How Amendment 1447 Solves the Customs Switchblade Issue

How Amendment 1447 Solves the Customs Switchblade Issue

Washington, DC – -( Many have asked how this Amendment 1447 would solve the Customs switchblade issue.

We have received numerous requests to explain how Amendment 1447 would solve the problem with Customs & Border Protection’s proposed revocations and rulemakings along with their novel interpretation of what a switchblade is. We have laid out the reasoning below. This just covers these particular issues. The new exception may also offer additional salutatory benefits to knife owners that we will examine at a later point.

There are two issues to be reviewed. First, the language in the amendment clearly covers virtually all non-automatic folding knife mechanisms, regardless of whether they have a spring assist or not, or whether they are designed to be opened with one hand or not. These style folders are biased toward closure as compared to a conventional switchblade in which the spring is constantly applying pressure on the blade when the blade is closed and thus it is biased toward opening, requiring only the release of the blade to open automatically.

Second is the question of how this applies to Customs and how it will regulate their actions vis-a-vis such knives and eliminating their most recent interpretation of the Federal Switchblade Act.

To fully understand the applicability of the amendment, it is necessary to understand its relationship to Title 19 of the Code of Federal Regulations, which is the regulation that describes those duties delegated to several government agencies, including the United States Customs and Border Protection Agency.

The applicable text is codified at 19 C.F.R. § 12.97, and directly concerns switchblade knives and makes their importation illegal. However, the drafters of Section 12.97 created an exclusion that permits the importation of certain types of knives that might otherwise be captured by the provision. These exceptions are codified in statute at 15 U.S.C. § 1244, and are deemed “exceptions” because the specific types of knives described do not fall under the purview of Section 12.97’s restrictions. For these reasons, if Section 1244 is amended so as to incorporate the assisted-openers and one-hand openers, these knives will not be considered unlawful under the Switchblade Knife Act of 1958 (15 U.S.C. § 1241 et seq.), and consequently, their import into the United States will be permissible.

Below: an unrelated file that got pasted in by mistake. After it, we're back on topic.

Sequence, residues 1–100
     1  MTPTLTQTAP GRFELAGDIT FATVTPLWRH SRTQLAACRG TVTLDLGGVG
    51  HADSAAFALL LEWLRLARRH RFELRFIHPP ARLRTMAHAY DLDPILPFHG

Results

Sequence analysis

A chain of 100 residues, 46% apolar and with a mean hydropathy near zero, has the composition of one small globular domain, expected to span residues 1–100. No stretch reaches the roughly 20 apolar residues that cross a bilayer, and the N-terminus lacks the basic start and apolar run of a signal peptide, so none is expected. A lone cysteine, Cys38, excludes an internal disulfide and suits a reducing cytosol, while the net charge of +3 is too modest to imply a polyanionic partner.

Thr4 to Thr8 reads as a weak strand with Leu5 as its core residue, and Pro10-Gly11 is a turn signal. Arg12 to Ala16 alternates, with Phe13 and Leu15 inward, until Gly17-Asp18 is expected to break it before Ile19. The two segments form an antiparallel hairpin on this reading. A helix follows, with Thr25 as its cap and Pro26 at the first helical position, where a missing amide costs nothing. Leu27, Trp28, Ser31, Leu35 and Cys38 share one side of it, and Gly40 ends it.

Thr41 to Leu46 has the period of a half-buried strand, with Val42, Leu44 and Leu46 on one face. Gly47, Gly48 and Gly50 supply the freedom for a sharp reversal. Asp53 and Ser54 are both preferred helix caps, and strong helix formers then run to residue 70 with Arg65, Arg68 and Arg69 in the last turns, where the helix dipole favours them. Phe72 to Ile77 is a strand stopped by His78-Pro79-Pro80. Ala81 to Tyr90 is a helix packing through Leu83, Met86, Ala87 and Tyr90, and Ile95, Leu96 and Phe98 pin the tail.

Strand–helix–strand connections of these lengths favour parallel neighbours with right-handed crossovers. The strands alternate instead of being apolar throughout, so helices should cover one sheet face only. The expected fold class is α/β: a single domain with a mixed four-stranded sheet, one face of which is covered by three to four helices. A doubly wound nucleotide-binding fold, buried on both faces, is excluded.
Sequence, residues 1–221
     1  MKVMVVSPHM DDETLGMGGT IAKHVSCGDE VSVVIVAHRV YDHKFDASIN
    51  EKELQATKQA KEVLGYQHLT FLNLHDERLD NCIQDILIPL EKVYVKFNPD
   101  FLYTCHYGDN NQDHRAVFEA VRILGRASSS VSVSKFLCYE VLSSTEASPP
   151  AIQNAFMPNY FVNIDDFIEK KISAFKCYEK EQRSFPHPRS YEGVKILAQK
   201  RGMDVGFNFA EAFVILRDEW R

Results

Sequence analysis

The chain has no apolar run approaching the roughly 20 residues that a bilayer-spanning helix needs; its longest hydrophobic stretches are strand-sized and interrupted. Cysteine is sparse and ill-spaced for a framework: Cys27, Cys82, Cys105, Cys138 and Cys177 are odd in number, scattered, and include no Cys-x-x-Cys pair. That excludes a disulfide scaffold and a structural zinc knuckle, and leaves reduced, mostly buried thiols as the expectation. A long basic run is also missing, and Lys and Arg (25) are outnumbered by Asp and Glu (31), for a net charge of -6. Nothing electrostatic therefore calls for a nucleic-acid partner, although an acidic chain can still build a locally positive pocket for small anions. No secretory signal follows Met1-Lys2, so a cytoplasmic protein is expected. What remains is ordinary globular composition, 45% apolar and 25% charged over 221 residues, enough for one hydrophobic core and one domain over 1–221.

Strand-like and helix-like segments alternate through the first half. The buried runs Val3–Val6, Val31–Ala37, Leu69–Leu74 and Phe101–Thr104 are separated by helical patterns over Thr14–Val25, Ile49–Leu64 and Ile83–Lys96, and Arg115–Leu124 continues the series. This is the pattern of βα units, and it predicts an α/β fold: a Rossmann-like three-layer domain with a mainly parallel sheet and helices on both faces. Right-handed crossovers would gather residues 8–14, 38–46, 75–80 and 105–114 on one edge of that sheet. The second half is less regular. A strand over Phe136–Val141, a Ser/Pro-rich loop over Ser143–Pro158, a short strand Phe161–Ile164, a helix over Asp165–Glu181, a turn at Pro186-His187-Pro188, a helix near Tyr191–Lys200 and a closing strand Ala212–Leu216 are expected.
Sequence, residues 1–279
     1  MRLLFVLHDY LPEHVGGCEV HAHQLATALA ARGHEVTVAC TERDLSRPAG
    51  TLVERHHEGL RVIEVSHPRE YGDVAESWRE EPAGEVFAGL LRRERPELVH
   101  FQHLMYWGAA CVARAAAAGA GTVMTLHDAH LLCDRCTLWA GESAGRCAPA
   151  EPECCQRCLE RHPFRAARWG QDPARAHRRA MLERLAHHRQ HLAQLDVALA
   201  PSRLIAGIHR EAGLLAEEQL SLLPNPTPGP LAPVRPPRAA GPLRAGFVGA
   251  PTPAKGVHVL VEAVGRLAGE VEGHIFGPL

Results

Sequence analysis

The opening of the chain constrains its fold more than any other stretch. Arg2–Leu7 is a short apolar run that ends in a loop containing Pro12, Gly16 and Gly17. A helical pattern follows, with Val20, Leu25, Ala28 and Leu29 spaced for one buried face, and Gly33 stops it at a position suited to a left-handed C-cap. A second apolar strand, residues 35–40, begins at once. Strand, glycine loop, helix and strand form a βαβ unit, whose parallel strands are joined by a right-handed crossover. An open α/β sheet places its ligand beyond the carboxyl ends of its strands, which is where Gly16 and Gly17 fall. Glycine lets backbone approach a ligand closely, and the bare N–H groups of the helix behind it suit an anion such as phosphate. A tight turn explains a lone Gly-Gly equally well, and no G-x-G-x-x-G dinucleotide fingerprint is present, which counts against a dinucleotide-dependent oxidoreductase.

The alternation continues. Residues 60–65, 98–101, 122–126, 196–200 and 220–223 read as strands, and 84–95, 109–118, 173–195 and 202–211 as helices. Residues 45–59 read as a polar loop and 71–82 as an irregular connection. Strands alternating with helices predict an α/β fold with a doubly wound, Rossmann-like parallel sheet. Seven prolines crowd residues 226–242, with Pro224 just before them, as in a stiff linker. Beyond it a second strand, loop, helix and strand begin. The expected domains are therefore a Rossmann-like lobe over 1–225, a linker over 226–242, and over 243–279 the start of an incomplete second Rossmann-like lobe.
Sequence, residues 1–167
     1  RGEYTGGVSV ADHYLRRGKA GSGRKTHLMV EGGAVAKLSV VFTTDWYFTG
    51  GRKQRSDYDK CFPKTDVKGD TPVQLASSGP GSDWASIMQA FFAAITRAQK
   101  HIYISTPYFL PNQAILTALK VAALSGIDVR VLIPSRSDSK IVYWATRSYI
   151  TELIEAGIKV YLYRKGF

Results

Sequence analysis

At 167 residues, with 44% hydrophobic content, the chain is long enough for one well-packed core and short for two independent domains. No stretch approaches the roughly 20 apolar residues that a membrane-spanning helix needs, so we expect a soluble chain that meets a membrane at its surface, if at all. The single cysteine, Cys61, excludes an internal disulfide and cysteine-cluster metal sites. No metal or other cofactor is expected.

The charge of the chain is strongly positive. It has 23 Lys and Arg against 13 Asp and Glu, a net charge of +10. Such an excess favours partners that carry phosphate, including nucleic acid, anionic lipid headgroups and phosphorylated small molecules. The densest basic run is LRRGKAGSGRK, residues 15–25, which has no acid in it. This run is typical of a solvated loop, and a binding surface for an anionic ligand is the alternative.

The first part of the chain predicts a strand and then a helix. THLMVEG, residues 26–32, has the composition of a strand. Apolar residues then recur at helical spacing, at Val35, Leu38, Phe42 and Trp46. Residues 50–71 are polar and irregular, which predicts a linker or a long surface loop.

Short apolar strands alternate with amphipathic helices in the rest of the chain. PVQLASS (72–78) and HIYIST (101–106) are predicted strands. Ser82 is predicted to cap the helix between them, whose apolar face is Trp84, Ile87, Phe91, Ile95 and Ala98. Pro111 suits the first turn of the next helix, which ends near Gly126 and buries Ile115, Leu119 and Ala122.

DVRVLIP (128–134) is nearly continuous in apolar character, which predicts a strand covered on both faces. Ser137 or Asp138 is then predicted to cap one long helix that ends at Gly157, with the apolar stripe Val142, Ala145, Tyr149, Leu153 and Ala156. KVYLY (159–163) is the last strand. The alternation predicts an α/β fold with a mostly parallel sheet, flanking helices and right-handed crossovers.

Read the complete discussion here:

We still have one more significant hurdle to overcome, Conference Committee. We’re working very hard, hand in hand with the other advocacy organizations involved and our friends in the House, to try to ensure it makes it through the Conference Committee. Expect more on that next week.

NEWS FLASH: Just in. Our representative who went down and hand counted the letters reports that the final count of Comments letters mailed to Customs is 5,200!!! That is incredible; more than two and half times the original Customs estimate. It is a testament to your outrage over Customs’ heavy-handed actions and your dedication. That flood of letters put Customs on notice that they were not going to get away with this without a fight. Thanks to everyone who made that effort to mail their letters to Customs!

Review Knife Rights’ original announcement:

You can read relevant announcements from some of the involved parties here:


Sportsmen’s Caucus:

Senator John Cornyn [R-TX]:

Senator Mark Pryor: [D-AR]

Senator Orrin Hatch [R-UT]

Doug Ritter
Chairman / CEO
Knife Rights, Inc.
Knife Rights Foundation, Inc.

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